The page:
2
  1. You can then open the chest, and from it take as much money as you please.
  2. You can then open the chest, and from which take as much money as you please.

If no.2 is possible in grammar, what's the difference between the two in meaning?

0

1. You can then open the chest, and from it take as much money as you please.

This means that you can take as much money as you want from the chest.

Stylistically, from it is nonrestrictive information in this particular construction. The sentence could be written without it and still be understood:

You can then open the chest, and take as much money as you please.

Or the optional information could be included with the use of parentheses:

You can then open the chest, and (from it) take as much money as you please.

Therefore, paired commas would be the common way of styling the sentence:

You can then open the chest, and, from it, take as much money as you please.

If the from it were essential to the sentence, it would normally be rephrased in one of a few ways:

You can then open the chest, and take from it as much money as you please.
You can then open the chest, and take as much money from it as you please.
You can then open the chest, and take as much money as you please from it.


2. You can then open the chest, and from which take as much money as you please.

If from which were treated as the same type of nonrestrictive information as from it, it could also be rephrased in the following ways:

You can then open the chest, and (from which) take as much money as you please.
You can then open the chest, and, from which, take as much money as you please.

However, while this makes sense, it's awkward and unidiomatic. Using from which in this specific construction is nonstandard (from it would be preferred).

The use of from which does not parallel the use of from it. It should not simply replace the other phrase while the rest of the sentence remains the same. Nor can it really serve as nonrestrictive information.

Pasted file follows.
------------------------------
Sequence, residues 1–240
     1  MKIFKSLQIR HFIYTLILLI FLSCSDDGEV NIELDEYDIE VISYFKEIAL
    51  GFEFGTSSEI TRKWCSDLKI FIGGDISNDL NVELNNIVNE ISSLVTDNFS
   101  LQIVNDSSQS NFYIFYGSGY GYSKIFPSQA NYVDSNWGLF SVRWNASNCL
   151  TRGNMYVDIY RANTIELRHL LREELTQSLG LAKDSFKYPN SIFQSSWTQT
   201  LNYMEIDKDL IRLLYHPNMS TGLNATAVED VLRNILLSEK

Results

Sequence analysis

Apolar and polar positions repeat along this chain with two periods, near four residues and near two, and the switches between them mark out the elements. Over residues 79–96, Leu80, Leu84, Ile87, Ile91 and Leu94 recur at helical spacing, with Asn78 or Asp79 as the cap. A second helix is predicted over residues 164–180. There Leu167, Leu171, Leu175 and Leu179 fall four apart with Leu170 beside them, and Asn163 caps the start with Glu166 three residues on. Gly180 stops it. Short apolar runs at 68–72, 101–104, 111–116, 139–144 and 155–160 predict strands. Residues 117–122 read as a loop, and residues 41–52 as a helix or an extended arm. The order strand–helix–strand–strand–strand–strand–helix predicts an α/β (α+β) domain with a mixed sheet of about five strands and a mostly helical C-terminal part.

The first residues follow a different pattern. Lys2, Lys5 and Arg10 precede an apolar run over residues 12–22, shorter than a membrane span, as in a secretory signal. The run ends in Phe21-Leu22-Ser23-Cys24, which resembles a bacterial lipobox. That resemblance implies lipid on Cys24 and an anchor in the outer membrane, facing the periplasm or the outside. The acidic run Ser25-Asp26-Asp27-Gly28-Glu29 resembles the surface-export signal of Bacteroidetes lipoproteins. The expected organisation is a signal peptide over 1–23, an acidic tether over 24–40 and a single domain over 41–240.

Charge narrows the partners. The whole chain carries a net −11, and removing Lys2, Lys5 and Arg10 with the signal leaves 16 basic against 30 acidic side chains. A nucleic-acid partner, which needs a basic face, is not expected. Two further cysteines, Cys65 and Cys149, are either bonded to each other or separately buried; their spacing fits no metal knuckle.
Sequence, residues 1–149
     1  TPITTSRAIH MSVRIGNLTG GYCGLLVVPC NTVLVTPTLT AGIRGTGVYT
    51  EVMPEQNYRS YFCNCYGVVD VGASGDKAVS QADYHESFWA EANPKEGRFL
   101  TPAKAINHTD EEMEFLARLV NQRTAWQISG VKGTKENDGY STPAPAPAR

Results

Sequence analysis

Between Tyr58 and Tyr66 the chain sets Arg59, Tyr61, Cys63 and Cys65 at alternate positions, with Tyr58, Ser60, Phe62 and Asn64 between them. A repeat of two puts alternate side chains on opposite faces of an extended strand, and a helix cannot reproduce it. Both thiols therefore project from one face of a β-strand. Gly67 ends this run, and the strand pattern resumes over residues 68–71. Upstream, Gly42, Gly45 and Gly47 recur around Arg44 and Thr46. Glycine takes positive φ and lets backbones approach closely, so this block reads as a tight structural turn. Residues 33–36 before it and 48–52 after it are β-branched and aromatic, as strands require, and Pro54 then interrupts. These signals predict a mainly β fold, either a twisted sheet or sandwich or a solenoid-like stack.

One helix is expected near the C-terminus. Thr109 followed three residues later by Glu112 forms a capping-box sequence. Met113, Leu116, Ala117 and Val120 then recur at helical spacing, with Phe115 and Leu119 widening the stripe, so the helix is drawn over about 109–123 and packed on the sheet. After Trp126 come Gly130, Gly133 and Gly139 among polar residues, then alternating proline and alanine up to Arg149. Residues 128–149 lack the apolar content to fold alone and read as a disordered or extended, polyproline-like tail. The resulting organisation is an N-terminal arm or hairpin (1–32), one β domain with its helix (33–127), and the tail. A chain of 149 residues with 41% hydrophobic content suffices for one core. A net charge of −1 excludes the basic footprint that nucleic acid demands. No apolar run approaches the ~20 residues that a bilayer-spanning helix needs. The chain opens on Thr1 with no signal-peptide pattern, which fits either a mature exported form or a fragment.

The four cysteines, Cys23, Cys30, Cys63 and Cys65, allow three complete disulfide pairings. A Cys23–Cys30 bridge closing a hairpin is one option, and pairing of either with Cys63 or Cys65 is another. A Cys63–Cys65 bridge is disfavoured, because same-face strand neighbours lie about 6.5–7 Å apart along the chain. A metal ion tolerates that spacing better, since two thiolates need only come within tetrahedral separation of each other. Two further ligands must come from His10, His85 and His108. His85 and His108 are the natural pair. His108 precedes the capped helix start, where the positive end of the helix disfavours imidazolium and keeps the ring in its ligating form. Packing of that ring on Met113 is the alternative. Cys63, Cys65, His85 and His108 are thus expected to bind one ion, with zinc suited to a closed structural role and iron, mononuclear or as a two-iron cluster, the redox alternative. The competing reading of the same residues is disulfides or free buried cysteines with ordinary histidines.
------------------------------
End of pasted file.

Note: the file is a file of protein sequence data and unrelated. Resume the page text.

Even when being used to express restrictive information, it needs to be used as part of a dependent clause in this particular construction:

You can then open the chest, from which you can take as much money as you please.


In short, and idiomatically, from it can be used to convey both nonrestrictive and restrictive information, in sentences with two independent clauses joined by a conjunction:

✔ You can then open the chest, and, from it, take as much money as you please.
✔ You can then open the chest, and take from it as much money as you please.

Meanwhile, from which would normally only be used to convey restrictive information in a sentence with an independent clause followed by a dependent clause:

✔ You can then open the chest, from which you can take as much money as you please.

  • What is "nonrestrictive information"? – Fringetos Apr 20 at 4:04
  • @Fringetos It is as I described it immediately after I used the phrase. The sentence as a whole doesn't require its presence. It's additional, optional information. It may be important information, but it's not essential. (Not essential to the syntax of the sentence.) – Jason Bassford Supports Monica Apr 20 at 4:09
  • One more please, so, in short, "You can then open the chest, and take from it as much money as you please." and "You can then open the chest, from which you can take as much money as you please.", do they have the same meaning? – Fringetos Apr 20 at 4:50
  • @Fringetos No, not exactly. The first sentence is describing two actions. The second sentence is describing a single action—with the second part being a description. It's the same kind of difference as the difference between you can order food, and eat it and you can order edible food. Most likely, money will be taken (or food eaten), but the meaning of each sentence is a bit different. – Jason Bassford Supports Monica Apr 20 at 4:57
  • Ah! I got it. Thank you so much. – Fringetos Apr 20 at 5:18
-1

I don't think that No. 1 is wrong, but it sounds unnatural to me. I would suggest instead

You can then open the chest, and take as much money as you please from it.

Or

You can then open the chest, and take as much money from it as you please.

No. 2 is not grammatical. I would suggest instead

You can then open the chest, from which you can take as much money as you please.

Both 'from which' and 'from it' specify where you can take the money from, but they require different constructions.

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